Abstract 12570: Aortic Valve Inflammation precedes Calcification: A longitudinal FDG-PET/CT study
Background: Recent data shows a relationship between Aortic Valve (AV) inflammation and AV calcification (Ca). However, direct evidence linking valve inflammation to subsequent calcification is lacking in humans.
Methods: From a hospital record, we retrospectively identified patients, who are without AV stenosis or cancer and who underwent 2 PET/CT studies 1 to 5 years apart. AV inflammation was determined by measuring FDG uptake (standardized uptake value, SUV) within the AV on baseline PET. Subsequent deposition of AV Ca was determined by comparing baseline and follow-up CT scans, determined as an increase in AV Ca volume score (CVS). Patients were classified as “non-progressors” or “progressor” based on Square Root difference in CVS (using a pre-determined cut-off value of 2.5). CT and PET analysis were conducted by 2 mutually blinded laboratories.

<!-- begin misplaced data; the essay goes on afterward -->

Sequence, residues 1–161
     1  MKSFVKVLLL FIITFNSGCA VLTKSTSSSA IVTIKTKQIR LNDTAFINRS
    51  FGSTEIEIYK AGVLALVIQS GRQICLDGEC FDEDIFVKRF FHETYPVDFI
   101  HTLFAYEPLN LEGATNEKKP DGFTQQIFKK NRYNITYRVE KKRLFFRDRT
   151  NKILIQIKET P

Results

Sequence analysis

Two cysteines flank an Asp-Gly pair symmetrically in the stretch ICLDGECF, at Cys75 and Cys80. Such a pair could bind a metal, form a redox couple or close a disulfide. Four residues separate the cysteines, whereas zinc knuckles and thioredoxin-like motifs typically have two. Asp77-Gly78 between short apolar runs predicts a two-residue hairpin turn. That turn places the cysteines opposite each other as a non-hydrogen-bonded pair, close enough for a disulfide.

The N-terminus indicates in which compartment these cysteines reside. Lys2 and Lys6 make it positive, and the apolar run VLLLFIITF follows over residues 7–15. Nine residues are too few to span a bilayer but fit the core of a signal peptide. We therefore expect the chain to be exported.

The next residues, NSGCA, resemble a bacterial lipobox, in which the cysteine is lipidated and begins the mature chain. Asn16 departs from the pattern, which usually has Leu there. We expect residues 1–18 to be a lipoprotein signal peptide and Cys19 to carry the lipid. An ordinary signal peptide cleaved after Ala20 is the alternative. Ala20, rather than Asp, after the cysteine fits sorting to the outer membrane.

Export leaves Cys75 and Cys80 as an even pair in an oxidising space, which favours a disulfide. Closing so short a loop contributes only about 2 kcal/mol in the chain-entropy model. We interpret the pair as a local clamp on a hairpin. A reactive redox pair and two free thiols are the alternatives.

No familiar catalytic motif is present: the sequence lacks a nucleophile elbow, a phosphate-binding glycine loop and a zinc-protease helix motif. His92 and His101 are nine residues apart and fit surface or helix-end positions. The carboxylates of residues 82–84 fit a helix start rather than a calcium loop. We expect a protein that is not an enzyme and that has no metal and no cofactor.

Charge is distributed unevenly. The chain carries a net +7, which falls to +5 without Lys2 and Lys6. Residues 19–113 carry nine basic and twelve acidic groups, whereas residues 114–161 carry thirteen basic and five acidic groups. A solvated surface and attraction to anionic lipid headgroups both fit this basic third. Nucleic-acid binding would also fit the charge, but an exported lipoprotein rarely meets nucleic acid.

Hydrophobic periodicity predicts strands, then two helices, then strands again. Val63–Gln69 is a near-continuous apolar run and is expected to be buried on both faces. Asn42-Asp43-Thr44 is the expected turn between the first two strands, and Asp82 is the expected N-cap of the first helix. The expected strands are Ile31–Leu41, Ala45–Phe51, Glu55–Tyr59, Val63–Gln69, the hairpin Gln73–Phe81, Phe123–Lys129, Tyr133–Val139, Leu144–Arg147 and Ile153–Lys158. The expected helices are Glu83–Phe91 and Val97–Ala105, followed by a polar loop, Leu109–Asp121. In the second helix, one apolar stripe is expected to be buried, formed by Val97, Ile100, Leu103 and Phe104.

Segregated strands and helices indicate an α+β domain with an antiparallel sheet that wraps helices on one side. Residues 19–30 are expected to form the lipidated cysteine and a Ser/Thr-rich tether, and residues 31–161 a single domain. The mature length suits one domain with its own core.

Results: 111 patients were identified (age 60[49, 68], 50.5% male), and median [IQR] inter-scan duration 1.75 [1.17, 2.50] yrs. 23 (20.2%) patients were classified as progressors, of whom 9 (9.2%) demonstrated incident AVCa. AV SUV (mean +/- SD) was higher in progressors vs. non-progressors (2.03+/-0.52 vs.1.70+/-0.36, p = 0.02 Fig A.) as well as in patients with- vs. without- incident AV Ca (2.28+/-0.42 vs. 1.73+/-0.36, p<0.001 Fig B.). Further, AV inflammation (SUV) independently predicted subsequent calcification after adjusting for cardiovascular risk factors and baseline AV CVS [OR (95%CI):6.66(1.65 - 26.85), p = 0.008]
Conclusion: These data generate the hypothesis that inflammatatory activity is a precursor of aortic valvuar calcification. Further prospective studies are needed to conifrm this observation and the attractive propsect of non-invasive PET/CT imaging of AV as a guide for therapy and interventions in AS.
- © 2012 by American Heart Association, Inc.